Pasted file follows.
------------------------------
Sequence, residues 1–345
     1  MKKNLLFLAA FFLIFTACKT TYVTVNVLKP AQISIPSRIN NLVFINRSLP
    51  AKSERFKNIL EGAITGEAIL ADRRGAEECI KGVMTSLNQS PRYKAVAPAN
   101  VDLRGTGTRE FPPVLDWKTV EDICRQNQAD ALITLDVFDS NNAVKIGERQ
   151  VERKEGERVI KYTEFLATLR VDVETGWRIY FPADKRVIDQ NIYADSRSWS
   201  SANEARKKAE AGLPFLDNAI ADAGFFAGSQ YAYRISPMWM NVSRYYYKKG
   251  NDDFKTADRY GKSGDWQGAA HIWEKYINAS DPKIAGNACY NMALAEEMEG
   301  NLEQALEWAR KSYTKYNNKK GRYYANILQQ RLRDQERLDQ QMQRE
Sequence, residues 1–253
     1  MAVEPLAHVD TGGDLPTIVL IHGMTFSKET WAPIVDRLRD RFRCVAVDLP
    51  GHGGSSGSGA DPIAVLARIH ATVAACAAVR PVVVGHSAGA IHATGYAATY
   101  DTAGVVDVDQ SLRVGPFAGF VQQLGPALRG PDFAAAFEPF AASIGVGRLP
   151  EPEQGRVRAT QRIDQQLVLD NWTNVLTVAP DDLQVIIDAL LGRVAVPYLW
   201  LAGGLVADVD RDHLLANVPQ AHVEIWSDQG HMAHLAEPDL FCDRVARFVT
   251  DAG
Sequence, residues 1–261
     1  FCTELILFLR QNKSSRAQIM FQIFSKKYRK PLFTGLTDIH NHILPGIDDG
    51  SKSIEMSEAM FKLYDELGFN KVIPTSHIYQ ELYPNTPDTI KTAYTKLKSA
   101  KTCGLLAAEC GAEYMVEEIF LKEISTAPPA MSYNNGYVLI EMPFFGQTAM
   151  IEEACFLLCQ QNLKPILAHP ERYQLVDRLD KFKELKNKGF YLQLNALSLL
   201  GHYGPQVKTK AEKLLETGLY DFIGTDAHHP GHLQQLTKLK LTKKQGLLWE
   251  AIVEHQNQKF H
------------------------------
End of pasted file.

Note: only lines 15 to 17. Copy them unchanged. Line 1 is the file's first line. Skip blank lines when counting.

   251  DAG
Sequence, residues 1–261
     1  FCTELILFLR QNKSSRAQIM FQIFSKKYRK PLFTGLTDIH NHILPGIDDG